While Congress on Friday passed a $2 trillion stimulus to deal with the impact of coronavirus, the president has received withering criticism from many Democrats and some Republicans over the slow federal response, the inadequate level of testing and his push to ease social distancing guidelines to rescue the sinking economy.
Mr Trump wants to halt the economic rout — in a move critics view as a brazen effort to help his re-election. But he has faced pushback even from some close allies, including Wyoming congresswoman Liz Cheney, who said: "There will be no normally functioning economy if our hospitals are overwhelmed and thousands of Americans of all ages, including our doctors and nurses, lay dying because we have failed to do what's necessary to stop the virus."
A recent poll conducted by Morning Consult found that 80 per cent of American adults thought it was important to continue social distancing even if that sustained the damage to the economy.
On Thursday, Mr Trump wrote to US governors to outline a plan that would see the administration categorise counties as low, medium or high-risk, in a strategy tailored to allow economic activity to return in some areas.
But Larry Hogan, the Republican governor of Maryland and chair of the bipartisan National Governors Association, told the Financial Times that Mr Trump had not mentioned the plan when he had spoken to the governors shortly before sending the letter. Moreover, Mr Hogan pours cold water on the plan, saying it was not realistic.
Trump on coronavirus
A president's reactions as the crisis deepened
'We have it totally under control. It's one person coming in from China, and we have it under control'
'It's going to disappear. One day, it's like a miracle, it will disappear'
'Nothing is shut down, life & the economy go on. At this moment there are 546 confirmed cases of coronavirus, with 22 deaths. Think about that!'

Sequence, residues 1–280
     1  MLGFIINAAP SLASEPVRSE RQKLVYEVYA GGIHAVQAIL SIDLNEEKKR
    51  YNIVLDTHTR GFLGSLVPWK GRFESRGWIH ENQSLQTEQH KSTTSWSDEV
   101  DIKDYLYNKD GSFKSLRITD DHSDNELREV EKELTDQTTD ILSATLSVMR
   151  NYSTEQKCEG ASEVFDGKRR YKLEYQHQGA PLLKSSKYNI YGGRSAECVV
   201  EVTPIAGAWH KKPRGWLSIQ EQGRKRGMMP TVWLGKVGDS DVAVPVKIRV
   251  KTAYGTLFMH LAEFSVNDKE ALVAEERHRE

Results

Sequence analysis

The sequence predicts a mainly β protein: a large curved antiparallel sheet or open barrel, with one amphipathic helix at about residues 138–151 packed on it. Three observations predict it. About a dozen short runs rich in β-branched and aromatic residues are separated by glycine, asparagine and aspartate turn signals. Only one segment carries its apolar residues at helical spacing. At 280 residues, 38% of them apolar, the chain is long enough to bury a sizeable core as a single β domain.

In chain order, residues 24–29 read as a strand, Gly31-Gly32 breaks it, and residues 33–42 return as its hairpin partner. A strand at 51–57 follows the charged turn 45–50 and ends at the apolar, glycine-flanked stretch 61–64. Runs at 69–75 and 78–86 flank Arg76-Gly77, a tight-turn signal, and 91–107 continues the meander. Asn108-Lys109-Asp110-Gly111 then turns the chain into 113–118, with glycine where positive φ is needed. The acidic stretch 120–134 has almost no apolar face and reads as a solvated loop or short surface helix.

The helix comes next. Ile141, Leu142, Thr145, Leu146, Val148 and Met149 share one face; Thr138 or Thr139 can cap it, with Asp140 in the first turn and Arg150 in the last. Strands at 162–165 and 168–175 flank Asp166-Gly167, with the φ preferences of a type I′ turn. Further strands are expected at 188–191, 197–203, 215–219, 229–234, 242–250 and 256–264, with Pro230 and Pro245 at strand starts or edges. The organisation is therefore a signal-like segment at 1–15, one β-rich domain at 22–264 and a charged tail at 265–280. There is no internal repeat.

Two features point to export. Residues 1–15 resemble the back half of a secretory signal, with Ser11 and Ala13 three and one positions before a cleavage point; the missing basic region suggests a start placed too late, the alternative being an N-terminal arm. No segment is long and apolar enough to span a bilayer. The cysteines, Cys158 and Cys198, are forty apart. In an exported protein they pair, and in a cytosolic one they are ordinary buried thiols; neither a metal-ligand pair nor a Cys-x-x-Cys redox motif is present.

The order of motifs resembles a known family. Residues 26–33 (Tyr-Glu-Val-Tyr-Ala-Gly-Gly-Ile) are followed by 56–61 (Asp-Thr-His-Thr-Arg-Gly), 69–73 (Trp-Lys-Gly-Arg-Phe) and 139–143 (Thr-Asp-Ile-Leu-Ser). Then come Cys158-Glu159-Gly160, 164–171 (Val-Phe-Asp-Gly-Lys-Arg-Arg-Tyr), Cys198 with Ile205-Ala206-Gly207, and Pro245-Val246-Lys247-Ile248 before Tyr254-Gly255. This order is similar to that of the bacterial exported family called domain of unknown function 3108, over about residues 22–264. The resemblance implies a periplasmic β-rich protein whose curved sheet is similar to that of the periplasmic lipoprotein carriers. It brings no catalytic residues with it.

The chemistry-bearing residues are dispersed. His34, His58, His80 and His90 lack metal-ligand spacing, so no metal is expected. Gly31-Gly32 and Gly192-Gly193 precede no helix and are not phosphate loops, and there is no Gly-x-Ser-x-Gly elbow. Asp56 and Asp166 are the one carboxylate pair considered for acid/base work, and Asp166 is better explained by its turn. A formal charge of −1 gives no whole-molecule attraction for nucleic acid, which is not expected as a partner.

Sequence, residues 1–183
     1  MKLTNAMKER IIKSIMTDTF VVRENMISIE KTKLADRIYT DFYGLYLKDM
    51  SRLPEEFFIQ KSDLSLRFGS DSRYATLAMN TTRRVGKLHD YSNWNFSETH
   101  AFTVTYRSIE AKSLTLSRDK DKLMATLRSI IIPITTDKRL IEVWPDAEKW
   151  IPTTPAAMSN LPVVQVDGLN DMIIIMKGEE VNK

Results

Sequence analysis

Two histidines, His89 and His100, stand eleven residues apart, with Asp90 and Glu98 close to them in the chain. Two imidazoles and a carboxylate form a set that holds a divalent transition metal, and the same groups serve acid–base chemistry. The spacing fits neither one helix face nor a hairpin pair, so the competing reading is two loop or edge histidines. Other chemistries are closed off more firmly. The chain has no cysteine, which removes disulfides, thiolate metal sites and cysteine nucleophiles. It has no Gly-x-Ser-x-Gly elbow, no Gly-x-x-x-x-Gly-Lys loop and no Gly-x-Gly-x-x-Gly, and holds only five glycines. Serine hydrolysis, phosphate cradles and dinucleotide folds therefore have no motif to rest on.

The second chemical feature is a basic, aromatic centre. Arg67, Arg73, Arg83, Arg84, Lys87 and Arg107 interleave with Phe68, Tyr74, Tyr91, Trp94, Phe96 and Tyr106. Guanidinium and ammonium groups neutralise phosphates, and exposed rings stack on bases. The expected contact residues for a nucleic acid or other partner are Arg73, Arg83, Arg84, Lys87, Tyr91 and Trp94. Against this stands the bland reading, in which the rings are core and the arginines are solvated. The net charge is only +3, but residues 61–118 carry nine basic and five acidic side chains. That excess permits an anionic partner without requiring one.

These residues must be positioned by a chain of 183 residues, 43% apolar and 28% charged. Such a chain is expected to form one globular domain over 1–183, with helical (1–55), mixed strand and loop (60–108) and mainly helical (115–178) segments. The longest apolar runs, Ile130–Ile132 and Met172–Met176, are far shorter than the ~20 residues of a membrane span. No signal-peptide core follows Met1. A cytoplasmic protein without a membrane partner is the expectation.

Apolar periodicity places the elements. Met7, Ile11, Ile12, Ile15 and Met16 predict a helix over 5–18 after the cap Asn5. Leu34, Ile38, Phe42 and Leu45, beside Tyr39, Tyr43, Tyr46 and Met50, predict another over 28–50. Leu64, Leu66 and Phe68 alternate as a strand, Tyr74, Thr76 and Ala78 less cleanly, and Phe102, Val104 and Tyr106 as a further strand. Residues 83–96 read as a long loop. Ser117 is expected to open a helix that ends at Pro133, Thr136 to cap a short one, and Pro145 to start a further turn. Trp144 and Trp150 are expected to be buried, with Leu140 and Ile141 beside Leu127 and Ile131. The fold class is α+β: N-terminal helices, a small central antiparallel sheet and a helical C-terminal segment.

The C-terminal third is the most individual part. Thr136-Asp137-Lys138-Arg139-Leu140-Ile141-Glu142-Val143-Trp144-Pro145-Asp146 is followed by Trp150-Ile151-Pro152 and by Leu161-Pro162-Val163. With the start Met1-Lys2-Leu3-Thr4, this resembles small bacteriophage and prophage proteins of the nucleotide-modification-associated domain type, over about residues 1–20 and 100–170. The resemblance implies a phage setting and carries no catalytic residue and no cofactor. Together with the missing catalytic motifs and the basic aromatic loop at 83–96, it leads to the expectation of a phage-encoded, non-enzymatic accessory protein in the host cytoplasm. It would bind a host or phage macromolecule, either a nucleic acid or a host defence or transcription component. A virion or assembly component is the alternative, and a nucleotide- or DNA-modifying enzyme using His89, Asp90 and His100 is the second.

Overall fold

When asked how he rated his response: 'I'd rate it a 10. I think we've done a great job'
'I've felt it was a pandemic long before it was called a pandemic'
"Since we're not doing enough testing, I don't know how you could possibly make a determination as to which counties are low risk or high risk or medium risk," he says, adding that governors would have a "lot of concern".
Mr Hogan applauds the White House for last week making the Federal Emergency Management Agency responsible for helping states procure masks and ventilators, some of which have been delivered. But he says it was just a "tiny percentage" of the needs.
"We're just so far behind and there doesn't seem to be enough supply anywhere in the country to handle the surge that we're expecting . . . in all the states."
While New York has overtaken Washington as the hardest-hit state, cases have spread across the US with rising numbers reported from Florida to Texas. Scott Gottlieb, former head of the Food and Drug Administration, said 11 states had more cases than any Chinese province except Hubei, which includes Wuhan, where the virus originated.
"Our epidemic is likely to be national in scope," Mr Gottlieb wrote.
In New York, 37,000 people have tested positive, with 5,000 in hospital and almost 400 deaths. Bodies are being stored in refrigerated lorries after the morgues became too full.